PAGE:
Me and My ODC (Obsessive Desire To Connect (with black people))

15 Jun

I have had a full week.  That’s what a friend of mine, a transpersonal psychologist,  used to say when he was going through a difficult time,…”the week was very full,” he’d say, and I’d know what he meant.

So, with that said, I am feeling stumped about what to write about.  I will not use the “b” (blocked) word, because I don’t believe I get blocked, just stumped every once in a blue moon here.

All I can think of to report is the continuance of my obsessive need to talk to every black person I see when I’m out and about.  It’s like I have OCD, only maybe I should call mine, ODC–Obsessive Desire To Connect (with black people).

Here’s an example. 

My daughters are taking acrobatics class at a local studio. I love their dance studio.  It’s run by this powerhouse woman, Ms. Christine, who it turns out appeared on the Lawrence Welk show when she was a ten-year-old tap dancer.  She has a huge blown-up photo of herself in her tap shoes hanging over her desk to prove it.  Anyway, the place is always bustling, and I so enjoy  the energy of all the children and teenagers moving about the space.  Most of all I love the diversity of the kids and families that go to the studio–black, white, Cape Verdean, Dominican–just a nice mix of all kinds of people.

Today was Picture Day at the studio, meaning the girls had to dress in their Lion Kingish looking recital costumes, hairs in buns, faces all made-up, to pose for their class photo.  When we walk into the gym a few minutes late, the place is already buzzing–girls flitting around, putting on their headbands, gelling their hair into place, practicing photo poses on the floor mats.

I get in line to pay for the photos.  I ask the women in line ahead of me how things work, and am happy I am talking with women of color.  The women weren’t sure of the answer to my question about whether we can order group photos, so I turn around and ask the cute, Cape Verdean looking middle-school age dance students if they know.  Again, I give myself points for talking to them, wherein my daughters have been too shy to break the ice with their classmates.  I cut my girls some slack for being new to the class, when most of the other girls have been taking classes there for years.  But still, I can’t help but wonder if they feel intimidated being in the minority for a change, as two of five white girls in the class of twenty-five.  Or not so much intimidated, as feeling like they don’t belong, or perhaps they worry that the girls don’t like them.  I think I’ve mentioned before, that I seem to be seeing that as my girls get older, the kids in their classes seem to self-segregate, perhaps not so much in the classroom, but certainly outside of school.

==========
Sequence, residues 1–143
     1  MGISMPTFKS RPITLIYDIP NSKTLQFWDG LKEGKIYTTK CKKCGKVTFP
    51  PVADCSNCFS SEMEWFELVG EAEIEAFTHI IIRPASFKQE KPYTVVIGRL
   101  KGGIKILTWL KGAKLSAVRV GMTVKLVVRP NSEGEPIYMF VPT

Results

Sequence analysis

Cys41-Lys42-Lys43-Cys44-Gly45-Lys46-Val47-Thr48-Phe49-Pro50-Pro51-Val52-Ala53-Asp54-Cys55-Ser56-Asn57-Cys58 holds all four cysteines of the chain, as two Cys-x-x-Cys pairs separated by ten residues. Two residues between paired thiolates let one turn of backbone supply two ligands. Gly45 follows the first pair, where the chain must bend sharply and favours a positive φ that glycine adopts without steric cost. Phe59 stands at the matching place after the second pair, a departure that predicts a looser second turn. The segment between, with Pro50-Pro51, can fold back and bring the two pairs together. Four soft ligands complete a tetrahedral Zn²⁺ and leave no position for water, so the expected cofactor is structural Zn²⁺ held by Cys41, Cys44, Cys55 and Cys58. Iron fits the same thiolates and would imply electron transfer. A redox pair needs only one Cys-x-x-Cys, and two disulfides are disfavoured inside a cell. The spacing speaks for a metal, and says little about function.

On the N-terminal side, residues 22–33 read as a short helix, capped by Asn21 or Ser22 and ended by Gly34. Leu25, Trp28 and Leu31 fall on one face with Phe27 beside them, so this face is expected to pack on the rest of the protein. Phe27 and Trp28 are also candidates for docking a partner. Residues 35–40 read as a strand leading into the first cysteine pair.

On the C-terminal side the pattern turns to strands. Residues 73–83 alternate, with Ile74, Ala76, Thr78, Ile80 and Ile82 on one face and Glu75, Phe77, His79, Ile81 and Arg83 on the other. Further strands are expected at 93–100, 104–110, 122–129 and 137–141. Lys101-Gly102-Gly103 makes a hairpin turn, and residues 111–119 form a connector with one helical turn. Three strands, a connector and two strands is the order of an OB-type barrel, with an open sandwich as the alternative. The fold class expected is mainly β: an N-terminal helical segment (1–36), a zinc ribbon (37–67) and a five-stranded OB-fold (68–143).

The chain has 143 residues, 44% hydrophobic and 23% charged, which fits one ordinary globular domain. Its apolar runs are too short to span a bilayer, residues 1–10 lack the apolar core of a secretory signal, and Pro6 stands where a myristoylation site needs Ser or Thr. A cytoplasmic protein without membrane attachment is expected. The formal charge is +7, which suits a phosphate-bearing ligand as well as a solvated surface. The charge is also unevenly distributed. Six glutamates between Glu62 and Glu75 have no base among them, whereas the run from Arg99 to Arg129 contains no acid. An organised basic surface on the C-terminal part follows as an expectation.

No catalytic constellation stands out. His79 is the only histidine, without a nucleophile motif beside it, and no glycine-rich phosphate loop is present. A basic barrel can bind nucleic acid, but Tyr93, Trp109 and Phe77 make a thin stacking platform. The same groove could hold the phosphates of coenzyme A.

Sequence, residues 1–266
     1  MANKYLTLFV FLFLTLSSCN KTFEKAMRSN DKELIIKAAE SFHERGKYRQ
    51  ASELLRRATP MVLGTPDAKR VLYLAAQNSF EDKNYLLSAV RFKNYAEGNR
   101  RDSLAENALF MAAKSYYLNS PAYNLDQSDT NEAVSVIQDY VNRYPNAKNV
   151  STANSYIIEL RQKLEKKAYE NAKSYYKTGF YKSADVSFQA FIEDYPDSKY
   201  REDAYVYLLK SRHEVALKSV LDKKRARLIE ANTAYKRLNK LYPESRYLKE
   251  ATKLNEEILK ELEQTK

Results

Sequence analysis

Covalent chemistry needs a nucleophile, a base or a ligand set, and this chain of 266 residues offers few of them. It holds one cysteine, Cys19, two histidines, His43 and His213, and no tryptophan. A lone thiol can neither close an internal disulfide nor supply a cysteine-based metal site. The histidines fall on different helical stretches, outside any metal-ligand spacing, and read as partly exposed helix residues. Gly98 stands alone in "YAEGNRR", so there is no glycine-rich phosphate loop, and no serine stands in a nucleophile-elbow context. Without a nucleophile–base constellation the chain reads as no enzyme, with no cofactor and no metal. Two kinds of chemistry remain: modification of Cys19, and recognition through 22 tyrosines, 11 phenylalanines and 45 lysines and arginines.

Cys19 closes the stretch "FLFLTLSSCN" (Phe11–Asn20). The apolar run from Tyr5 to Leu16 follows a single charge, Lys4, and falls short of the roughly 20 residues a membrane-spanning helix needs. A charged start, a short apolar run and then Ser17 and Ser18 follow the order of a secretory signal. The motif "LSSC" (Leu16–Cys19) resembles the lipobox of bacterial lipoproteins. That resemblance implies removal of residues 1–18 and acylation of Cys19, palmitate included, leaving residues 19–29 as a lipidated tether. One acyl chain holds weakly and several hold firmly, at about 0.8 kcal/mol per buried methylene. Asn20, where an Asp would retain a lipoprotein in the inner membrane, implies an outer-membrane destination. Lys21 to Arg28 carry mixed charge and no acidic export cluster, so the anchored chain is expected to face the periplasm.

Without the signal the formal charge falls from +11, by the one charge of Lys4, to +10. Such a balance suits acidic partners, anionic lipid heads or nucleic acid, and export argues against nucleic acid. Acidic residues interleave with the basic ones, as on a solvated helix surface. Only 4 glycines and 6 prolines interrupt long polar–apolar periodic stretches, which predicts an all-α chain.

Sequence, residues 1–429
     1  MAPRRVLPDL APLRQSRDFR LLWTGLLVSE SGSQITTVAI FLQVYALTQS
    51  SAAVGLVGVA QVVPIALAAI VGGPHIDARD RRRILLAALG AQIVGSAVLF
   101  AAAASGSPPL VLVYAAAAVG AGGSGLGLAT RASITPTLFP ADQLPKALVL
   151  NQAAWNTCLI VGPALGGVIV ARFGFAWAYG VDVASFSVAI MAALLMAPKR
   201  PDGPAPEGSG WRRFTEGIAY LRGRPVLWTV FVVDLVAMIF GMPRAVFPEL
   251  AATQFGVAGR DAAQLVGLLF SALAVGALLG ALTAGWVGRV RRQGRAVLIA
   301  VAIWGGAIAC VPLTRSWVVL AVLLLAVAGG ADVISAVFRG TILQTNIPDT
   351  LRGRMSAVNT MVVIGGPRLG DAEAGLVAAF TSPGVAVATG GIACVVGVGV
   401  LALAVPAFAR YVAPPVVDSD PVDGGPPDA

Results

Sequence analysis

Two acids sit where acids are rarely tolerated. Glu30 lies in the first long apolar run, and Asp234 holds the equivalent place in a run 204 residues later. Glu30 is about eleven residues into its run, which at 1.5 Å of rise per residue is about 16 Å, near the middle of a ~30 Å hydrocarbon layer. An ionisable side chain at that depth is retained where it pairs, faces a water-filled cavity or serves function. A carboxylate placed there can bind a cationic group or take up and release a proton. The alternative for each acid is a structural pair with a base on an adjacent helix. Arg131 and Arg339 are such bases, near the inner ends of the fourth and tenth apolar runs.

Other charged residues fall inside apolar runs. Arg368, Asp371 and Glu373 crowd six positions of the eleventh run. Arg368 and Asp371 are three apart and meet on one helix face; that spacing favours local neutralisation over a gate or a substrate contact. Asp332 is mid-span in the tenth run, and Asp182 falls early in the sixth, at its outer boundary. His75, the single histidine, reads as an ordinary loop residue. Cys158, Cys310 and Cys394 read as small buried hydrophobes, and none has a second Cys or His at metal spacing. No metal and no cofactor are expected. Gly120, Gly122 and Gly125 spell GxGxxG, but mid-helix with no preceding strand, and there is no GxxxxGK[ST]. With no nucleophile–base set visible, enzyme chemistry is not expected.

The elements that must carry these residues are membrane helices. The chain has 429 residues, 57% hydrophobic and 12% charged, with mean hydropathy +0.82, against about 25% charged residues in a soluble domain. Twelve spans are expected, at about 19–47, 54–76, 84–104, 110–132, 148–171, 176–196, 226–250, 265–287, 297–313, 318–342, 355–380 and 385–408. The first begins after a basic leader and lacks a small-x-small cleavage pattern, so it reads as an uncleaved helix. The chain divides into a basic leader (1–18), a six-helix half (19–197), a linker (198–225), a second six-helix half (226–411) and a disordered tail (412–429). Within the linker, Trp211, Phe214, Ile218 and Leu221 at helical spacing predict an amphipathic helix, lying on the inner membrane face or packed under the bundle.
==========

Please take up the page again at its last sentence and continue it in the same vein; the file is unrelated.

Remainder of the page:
But me, I have to talk to every person of color there is.  Is this some kind of diagnosable disorder?  Some kind of reverse racism?  I don’t know–sometimes I just think it’s a beautiful, rich thing to talk to someone different than me, to engage and be kind to all whose paths we cross.  It makes life that much better–much better than only being around everyone that looks and thinks and acts just like me.  What fun would that be?  I’ve always sought out “fun” so maybe that’s what this is all about.  Connect.  Fun. Joy.  Maybe having ODC isn’t so bad after all.




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